As part of this process, I think it would be helpful to have open and candid discussions with your peer teachers that you trust about some of your ideas and be open to their feedback and input on what you are looking to implement. I’d carefully reflect on what you are doing and share out to teachers you trust or even ask one of them to come in and observe you in their free time if it lines up. Document everything you do, be attentive to student feedback and how they react. Pay close attention to how you are impacting student learning and be open to pivoting if you see that something isn’t working. Be honest with the students that you are trying something new with the sole goal of making their learning experience better.

Consider jump-starting an account on Twitter and begin engaging and interacting with other educators (follow me at I’d be happy to chat!). I think you’d be amazed at the level of development that you can have in your teaching profession with this approach. And the amazing thing is it doesn’t even cost a dime! Before meetings share with other teachers what you are doing, or start a conversation with a teacher that you don’t often talk to and ask them if they are trying anything new. What this does is it helps you start to be part of a community of learners, just like we ask our students to be.

And then, now here’s the kicker, when professional development opportunities do come up during the course of the year, gather the people that you’ve been engaging with and bring your proposal to your leadership member/s. Tell them that you feel a team of three or four teachers should attend this conference because it would support insert teaching skill here. Now you can start moving towards authentic teacher efficacy. You can start to build a tribe of teachers looking to create shared learning networks around a common skill or need. From there the learning can spread and create a culture of learning and development unlike the individualized isolationist “development” of the past.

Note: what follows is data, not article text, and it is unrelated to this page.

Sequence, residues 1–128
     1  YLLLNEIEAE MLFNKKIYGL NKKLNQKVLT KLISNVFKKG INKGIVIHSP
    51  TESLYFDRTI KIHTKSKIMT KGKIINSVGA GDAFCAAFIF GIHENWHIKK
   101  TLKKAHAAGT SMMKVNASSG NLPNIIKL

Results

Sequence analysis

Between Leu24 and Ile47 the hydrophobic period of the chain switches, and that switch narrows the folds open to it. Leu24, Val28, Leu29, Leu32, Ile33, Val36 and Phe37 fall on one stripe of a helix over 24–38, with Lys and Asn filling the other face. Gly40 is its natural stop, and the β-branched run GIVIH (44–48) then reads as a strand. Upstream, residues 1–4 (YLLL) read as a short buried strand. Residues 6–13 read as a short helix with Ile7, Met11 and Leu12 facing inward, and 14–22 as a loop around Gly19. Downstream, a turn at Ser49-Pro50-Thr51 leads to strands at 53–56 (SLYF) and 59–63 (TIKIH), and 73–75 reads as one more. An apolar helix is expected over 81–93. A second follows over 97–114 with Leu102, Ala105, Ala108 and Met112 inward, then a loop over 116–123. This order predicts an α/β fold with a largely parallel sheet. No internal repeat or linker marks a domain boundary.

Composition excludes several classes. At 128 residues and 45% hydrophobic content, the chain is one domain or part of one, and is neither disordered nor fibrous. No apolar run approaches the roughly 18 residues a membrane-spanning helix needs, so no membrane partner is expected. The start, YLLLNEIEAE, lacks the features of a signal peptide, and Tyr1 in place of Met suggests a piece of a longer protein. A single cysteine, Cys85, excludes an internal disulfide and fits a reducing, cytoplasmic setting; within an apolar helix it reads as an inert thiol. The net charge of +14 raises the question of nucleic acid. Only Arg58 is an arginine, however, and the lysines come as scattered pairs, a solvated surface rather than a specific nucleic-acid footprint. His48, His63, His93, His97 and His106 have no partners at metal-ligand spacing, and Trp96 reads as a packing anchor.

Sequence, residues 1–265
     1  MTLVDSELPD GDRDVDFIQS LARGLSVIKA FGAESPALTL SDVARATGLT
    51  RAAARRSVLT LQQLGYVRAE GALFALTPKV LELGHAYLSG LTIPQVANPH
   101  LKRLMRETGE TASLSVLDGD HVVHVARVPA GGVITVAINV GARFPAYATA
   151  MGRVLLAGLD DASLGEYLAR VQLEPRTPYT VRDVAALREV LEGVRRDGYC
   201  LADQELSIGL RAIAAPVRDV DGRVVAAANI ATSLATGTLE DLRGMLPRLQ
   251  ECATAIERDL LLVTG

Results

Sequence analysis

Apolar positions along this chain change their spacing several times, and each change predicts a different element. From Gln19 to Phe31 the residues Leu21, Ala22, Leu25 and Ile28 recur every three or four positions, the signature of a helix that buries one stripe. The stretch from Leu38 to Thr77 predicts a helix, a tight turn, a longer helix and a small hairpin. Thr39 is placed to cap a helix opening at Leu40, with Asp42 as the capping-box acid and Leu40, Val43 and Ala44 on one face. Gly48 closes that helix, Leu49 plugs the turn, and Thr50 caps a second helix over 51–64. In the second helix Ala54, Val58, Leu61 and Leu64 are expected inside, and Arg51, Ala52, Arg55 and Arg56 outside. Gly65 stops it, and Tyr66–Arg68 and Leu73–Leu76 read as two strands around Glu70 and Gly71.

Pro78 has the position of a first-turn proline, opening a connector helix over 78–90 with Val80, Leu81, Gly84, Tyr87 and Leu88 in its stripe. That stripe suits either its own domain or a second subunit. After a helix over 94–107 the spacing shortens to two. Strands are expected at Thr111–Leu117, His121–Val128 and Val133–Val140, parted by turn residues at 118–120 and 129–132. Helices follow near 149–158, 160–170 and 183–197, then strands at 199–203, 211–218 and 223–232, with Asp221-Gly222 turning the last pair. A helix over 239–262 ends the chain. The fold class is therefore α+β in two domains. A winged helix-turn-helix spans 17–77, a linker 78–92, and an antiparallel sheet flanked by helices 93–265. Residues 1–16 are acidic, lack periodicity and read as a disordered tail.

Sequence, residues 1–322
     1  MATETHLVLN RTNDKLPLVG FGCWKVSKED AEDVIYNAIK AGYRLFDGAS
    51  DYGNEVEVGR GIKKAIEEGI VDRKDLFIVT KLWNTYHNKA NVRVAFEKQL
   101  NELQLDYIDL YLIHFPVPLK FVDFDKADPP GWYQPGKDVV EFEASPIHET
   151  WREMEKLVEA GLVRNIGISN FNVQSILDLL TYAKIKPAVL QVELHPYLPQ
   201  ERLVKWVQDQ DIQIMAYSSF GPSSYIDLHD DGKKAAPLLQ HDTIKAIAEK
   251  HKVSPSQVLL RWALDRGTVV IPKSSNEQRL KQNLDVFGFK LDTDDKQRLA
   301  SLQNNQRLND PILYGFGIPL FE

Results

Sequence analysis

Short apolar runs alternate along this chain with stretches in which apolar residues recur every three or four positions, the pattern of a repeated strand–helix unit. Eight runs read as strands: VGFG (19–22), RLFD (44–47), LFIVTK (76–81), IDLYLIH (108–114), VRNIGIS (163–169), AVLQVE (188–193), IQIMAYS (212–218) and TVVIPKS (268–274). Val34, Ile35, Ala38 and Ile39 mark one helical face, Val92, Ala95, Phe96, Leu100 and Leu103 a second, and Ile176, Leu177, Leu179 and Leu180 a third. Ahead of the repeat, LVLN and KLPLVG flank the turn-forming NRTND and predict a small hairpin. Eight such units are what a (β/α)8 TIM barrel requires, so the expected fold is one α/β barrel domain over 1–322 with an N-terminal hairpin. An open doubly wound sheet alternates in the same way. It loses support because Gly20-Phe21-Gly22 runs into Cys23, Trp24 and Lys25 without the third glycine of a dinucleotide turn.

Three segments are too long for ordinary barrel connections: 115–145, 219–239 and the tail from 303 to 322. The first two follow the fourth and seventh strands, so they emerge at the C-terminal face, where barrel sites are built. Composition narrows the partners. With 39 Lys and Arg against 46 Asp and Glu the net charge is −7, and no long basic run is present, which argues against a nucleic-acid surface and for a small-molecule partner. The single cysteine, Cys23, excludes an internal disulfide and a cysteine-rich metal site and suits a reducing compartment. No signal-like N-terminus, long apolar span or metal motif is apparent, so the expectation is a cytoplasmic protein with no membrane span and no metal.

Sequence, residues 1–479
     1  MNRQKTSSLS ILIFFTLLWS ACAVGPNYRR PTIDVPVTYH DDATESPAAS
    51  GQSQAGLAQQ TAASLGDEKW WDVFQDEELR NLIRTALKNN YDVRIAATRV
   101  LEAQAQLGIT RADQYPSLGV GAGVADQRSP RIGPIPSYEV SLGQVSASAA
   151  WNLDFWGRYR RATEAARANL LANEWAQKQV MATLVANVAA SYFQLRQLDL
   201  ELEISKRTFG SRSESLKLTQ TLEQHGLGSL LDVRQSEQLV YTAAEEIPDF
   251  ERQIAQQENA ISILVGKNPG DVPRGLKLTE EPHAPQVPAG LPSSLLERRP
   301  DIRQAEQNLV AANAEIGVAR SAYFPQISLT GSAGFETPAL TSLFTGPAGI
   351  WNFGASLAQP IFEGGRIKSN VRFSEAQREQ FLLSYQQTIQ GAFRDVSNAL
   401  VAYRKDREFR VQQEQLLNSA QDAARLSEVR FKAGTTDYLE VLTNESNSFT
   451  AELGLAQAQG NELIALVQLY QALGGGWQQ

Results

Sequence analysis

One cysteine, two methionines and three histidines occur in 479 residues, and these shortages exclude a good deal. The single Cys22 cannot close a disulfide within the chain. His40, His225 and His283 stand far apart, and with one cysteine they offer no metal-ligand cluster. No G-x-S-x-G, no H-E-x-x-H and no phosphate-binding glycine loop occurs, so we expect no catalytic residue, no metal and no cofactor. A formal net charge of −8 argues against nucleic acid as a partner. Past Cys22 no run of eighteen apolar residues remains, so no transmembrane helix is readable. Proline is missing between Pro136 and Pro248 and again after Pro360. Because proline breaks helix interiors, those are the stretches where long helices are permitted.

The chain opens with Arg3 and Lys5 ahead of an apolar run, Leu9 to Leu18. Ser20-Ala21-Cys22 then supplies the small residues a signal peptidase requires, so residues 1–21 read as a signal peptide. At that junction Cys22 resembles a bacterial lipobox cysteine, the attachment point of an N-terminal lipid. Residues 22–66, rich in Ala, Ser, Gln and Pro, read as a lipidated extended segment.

Is this a perfect model? No. Is this going to work for every teacher at every school? Of course not. But if you feel like you have been just going through the motions with your professional development proposals and starting to look at which conference is closest to your cousin’s town so you can go to a wine and food festival afterward, you might want to try this approach and begin to engage more deeply with your work and with your teaching tribe.

Mathematical Storytelling

I participated in a webinar this afternoon led by mathematics educator Sunil Singh titled “Using Math History and Storytelling to Invite Equity Into Our Classrooms”. Since I started in mathematics education some seven years ago I’ve thought a lot about how I could incorporate this idea into my teaching, but I have struggled to find a comfortable entry point. Yes, I’ve tried a few different things. For example, a couple years ago I took an old world map that our geography teacher was going to throw out and pasted on a bunch of pictures of historical figures from mathematics like Brahmagupta, Al-Khwarizmi, and Euclid with little notes below about their contributions to mathematical thinking. I hung this up outside my classroom along with some pictures of other important mathematicians around my classroom. Those have been good conversation starters for some curious students who happen to notice, and an opportunity for some storytelling around the human part of mathematics.